By Dave Rogers

For The Record

The pot brews pretty early at Ray’s house.

“I get up at 3:15 in the morning, fix my coffee and at 5:15 I’m in here, cutting hair. I look forward to it. I get to visit with my friends every day.”

The men who patronize Ray’s Barber Shop at 2120 Texas Avenue in Bridge City aren’t customers. They’re Ray LeLeux’s family.

“I’ve been here so long, I’m on my fourth generation,” the 72-year-old barber said as he finished up a trim for James Riley.

“I cut his daddy’s hair, his hair, his son-in-law’s hair and now his grandkid’s hair,” Ray said.

Riley said he usually stops by Ray’s Barber Shop on his way to work, once every three weeks or so.

“Usually, I’m the first one here in the morning,” Riley said. “He opens at 5 and I’m usually here at 5:15. I’ve been a satisfied customer for probably 40 years.”

As Riley rises from the chair and checks out Ray’s handiwork in a mirror, he tells the barber:

“Looks good. You made me a movie star.”

Ray’s ready for the compliment.

“Send me a card from Hollywood,” he tells Riley.

LeLeux is a native of Kaplan, Louisiana, southwest of Lafayette. He came to Bridge City because his brother and sister lived here first.

After graduating from Beaumont’s Liberty Barbers College, he has been a barber in Bridge City for 47 years, 45 at the same location on Texas Avenue.

He and wife Linda were married “50 years, 6 months and 13 days,” Ray said, before she died in 2015. The couple had no children.

“My wife and I did a lot of cruises,” he said. “It was so much fun, we’d come back from one and she’d get on the computer, trying to find another cruise.

“We’d sit on the porch and discuss the memories we’d be making, so when one of us was gone, we’d have the memories we were making.”

LeLeux helped care for his sixter, Viola Watson, before she passed away recently.

Starting his barbering career in 1970 was a semi-questionable decision, seeing as how long hair was the trend and barbers were going out of vogue.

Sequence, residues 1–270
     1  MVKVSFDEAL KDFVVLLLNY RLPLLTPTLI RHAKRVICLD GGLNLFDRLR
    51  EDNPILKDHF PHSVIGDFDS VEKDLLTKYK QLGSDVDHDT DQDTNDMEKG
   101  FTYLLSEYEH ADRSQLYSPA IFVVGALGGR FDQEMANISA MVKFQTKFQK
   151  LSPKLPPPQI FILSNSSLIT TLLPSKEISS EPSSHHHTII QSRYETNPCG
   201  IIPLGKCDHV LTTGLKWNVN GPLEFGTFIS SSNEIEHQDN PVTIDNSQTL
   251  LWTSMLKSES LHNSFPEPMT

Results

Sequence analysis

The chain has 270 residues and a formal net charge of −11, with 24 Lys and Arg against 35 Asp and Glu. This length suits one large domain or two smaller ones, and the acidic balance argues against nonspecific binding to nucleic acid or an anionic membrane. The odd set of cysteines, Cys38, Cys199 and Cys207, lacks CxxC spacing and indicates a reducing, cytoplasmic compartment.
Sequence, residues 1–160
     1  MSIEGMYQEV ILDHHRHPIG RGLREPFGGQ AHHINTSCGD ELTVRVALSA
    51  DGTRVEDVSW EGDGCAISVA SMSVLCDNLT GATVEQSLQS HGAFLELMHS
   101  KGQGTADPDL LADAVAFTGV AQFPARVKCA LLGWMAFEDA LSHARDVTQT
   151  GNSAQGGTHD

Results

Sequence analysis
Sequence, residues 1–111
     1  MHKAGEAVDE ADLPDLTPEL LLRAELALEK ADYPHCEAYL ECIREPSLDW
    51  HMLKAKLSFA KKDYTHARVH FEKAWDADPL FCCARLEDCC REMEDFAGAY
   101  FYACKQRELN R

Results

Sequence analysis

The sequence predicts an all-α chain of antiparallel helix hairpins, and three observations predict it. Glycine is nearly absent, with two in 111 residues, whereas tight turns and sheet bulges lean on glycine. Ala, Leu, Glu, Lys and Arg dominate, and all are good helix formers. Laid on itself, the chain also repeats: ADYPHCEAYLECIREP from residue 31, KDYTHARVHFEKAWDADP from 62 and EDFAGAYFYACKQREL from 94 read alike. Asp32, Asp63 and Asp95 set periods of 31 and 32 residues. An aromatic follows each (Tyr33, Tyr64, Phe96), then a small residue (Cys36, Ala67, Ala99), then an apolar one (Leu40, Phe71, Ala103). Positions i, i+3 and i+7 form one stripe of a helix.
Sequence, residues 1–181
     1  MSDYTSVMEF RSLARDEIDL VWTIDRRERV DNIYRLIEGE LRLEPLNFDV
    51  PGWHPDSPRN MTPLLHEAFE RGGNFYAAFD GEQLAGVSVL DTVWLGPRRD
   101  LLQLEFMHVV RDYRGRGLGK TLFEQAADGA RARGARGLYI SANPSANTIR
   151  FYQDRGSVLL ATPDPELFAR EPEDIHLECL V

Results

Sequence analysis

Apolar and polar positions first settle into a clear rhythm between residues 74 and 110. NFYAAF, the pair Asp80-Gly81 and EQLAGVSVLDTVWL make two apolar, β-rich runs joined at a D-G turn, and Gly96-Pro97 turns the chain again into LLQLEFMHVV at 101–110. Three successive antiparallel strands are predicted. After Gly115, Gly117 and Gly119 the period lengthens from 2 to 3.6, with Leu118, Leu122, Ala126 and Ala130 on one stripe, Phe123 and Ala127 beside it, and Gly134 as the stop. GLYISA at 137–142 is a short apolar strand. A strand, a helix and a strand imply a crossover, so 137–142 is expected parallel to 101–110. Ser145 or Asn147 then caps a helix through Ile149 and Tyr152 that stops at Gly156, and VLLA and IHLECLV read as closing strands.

But Ray adapted.

“I did shampoos, razor cuts and blow dry,” he said. “Then, in the 80s, kids got into getting their football numbers engraved in their hair. Or a five-point star because they made the all-star team in baseball.

“Some of them wanted a Nike swoosh.”

Ray was happy to obilige.

“One reason people don’t want to be barbers is we don’t have pensions and benefits,” he said. “Kids today, those that want to work, they want a job with beneifts.

“Being a barber, you’ve got no benefits. You have to make it through the door with customers.”

LeLeux never had a shortage of customers.

“I notice I don’t have to tell him how to cut my hair,” longtime customer Jeff Smith said. “You don’t get that any more.”

His early hours work for him.

“I like getting up early and coming to work,” LeLeux said. “The working man’s at work during the day, so he’s got to come in early. And the guy who works nights, he’s got to come in early.

“About the time I get through with the working man, the retirees come in.”  

LeLeux is open only Tuesdays through Thursdays.

“That’s all the body can handle,” he said.

“I don’t take a lunch hour, and at 4 p.m., I turn the shade and lock the door.

“I put in about 36 hours in three days. This is all the old man can handle.”

But he has no plans to change the routine.

“People always ask me when I’ll retire. I don’t want to retire,” LeLeux said.

“I get to visit with the friends I’ve had for years, and I get paid for it.”